Participants record assumptions on sticky notes and place them on the whiteboard, then force rank each assumption by risk. To rank by risk, ask: “How bad would it be if we got that assumption wrong?” For example, if your feature relies on access to user data, can you feasibly gain access to this data, and if so, how? How bad would it be if the technical approach you planned to use to access this data didn’t work? If access to user data is critical to the functioning of your application, then this is a high risk and should be prioritized towards the top of your list. If your team also planned on a particular revenue model, but have not yet tested it, then that presents another risk. However, in comparison to the technical risk of your product not functioning if your team is unable to access user data, then this revenue model risk would be prioritized lower. In this case, by addressing that particular technical risk first, at least your team would have a functioning product, and perhaps could find a new revenue model if the one originally planned did not work out.

3.11.8 Exercise 8: Define the Research Plan

There are a plethora of user, market, and product research methods available to the team to validate their assumptions. Participants are asked to write one experiment per sticky note to address each assumption on the whiteboard. While the details of these methods are out of the scope of this book and workshop, a number of methods are listed in the accompanying slide deck for this exercise (Moses 2018). For example, teams might need to better understand their users, and could decide to run an ethnographic study or diary study to learn more about how their target users work. If a team needs to learn more about their product offering, they might build technical prototypes to investigate technical feasibility, or design a clickable prototype of screens to test the usability of a new product workflow.

3.12 Workshop Wrap Up

By the end of the workshop, teams have assembled an outcome-based product roadmap, or Outcome Map. Potential solution ideas are prioritized by users’ greatest unmet needs, and the research plan is prioritized by risk. At this point, teams are still in the Think It stage of product development. Armed with a research plan, teams have greater direction for what to do next. However, facilitators should caution participants to carefully consider how much research they conduct. While teams will never achieve zero risk, they should strive to collect enough evidence to confidently decide whether to end the project, pivot to a new idea, or move forward with product development of their proposed solution.

In this workshop, teams focused primarily on solving for users’ unmet needs, but participants are urged to think more holistically about a few additional factors when designing real-world applications. To successfully launch a product, even for global health and grant-funded projects, teams should carefully consider all of the following factors (Gerber 2019):

  • Desirability

    • What significant unmet needs do our users have?

  • Feasibility

    • What assets do we have (people, data, skills)?

    • Can we build it?

    • How long will it take to build it?

  • Viability

    • Can we find a group of users or sponsors willing to pay?

    • Does the revenue or sponsorship cover the cost to build, sell, and service this product?

For example, even if we were to identify a large market of potential users and employed a team capable of building and delivering the product, there is risk no one adopts it if the product doesn’t solve the users’ significant unmet needs. By weighing these considerations, teams can better prioritize what to build.

3.13 Summary

Innovation is not a linear path, and there is no one right way. However, we can break down the process into faster, lower-cost chunks and then thoughtfully reflect on the outcomes along the way. As taught in this chapter and workshop, it is valuable to identify all high-risk assumptions upfront, then design experiments to test potential critical failures early on in the product development process. The Outcome Map is never complete, and is best treated as a living document. Similarly, product development never ceases—that is, until the product has achieved its goals and it comes time to deprecate it.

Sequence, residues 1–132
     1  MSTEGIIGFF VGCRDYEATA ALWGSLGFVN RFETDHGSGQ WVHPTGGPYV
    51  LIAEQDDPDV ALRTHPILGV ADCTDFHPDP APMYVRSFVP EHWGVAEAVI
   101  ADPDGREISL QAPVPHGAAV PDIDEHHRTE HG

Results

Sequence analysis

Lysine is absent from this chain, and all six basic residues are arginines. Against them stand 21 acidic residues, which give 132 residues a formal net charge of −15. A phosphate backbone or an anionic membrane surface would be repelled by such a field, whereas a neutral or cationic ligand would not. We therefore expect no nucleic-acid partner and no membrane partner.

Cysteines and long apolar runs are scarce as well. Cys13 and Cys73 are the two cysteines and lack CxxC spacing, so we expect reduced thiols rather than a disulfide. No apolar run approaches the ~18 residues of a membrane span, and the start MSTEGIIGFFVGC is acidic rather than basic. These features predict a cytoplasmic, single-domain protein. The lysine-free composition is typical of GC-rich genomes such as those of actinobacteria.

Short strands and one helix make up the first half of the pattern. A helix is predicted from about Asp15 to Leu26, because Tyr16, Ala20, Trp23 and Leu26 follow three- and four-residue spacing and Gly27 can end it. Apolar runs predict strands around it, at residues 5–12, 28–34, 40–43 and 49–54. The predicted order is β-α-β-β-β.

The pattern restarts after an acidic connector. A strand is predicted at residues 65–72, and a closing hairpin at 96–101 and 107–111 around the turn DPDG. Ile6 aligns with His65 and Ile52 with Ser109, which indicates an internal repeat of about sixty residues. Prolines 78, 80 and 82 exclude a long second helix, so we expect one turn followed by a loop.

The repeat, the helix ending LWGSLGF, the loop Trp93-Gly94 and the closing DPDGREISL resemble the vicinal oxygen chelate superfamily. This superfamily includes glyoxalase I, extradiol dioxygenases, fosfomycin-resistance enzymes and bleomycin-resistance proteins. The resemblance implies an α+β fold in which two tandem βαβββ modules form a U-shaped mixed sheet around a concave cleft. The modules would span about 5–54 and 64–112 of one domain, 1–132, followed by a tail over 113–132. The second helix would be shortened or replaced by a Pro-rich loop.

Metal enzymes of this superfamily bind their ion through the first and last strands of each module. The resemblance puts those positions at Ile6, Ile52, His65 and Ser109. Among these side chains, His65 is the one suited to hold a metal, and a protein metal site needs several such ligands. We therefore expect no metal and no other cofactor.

Building local innovation capacity by encouraging and teaching innovation best practices is only part of the puzzle. During debriefs with workshop participants at the 2018 Khon Kaen University Datathon in Thailand, the author learned that a cultural shift is also a critical component of progress. This is perhaps the greatest difficulty for a team, organization, or society to accomplish. In medicine, cultural change can be at the root of implementation challenges for evidence-based medical practices, despite clear results of positive outcomes (Melnyk 2017; Best et al. 2013; Rice et al. 2018). The reasons might seem intractable: limited resources, competing priorities, the need for leadership support and training, hierarchical relationships, a culture of shame for failure of new initiatives, among other factors.

But there is hope. In Estonia, the small Baltic country in former-Soviet Union, half of its citizens did not have a telephone line 30 years ago, yet today Estonia represents one of the most digitally-advanced societies in the world (A.A.K. 2013). Toomas Hendrik Ilves, the fourth president of Estonia, has said that Estonia’s success in technological innovation has not been so much about using new technologies, but about “shedding legacy thinking” (A.A.K. 2013).

By rethinking how high-income countries might best catalyze global health improvements, we might derive new, effective, low-cost approaches. Building local innovation capacity through transferring knowledge, processes, and encouraging a culture shift about risk taking and failure offers an alternative. Given the inherent difficulties of culture change, local innovation capacity might be further supported by training teams in strategies for organizational change management techniques (Kotter and Schlesinger 2008; Kotter 2014), in addition to innovation best practices. As a global community, we are still learning how best to catalyze global health improvements. Skill building in innovation best practices and organizational change management offers an alternative, low-cost approach to driving global health improvement.


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Moses, C. (2020). Developing Local Innovation Capacity to Drive Global Health Improvements. In: Celi, L., Majumder, M., Ordóñez, P., Osorio, J., Paik, K., Somai, M. (eds) Leveraging Data Science for Global Health. Springer, Cham.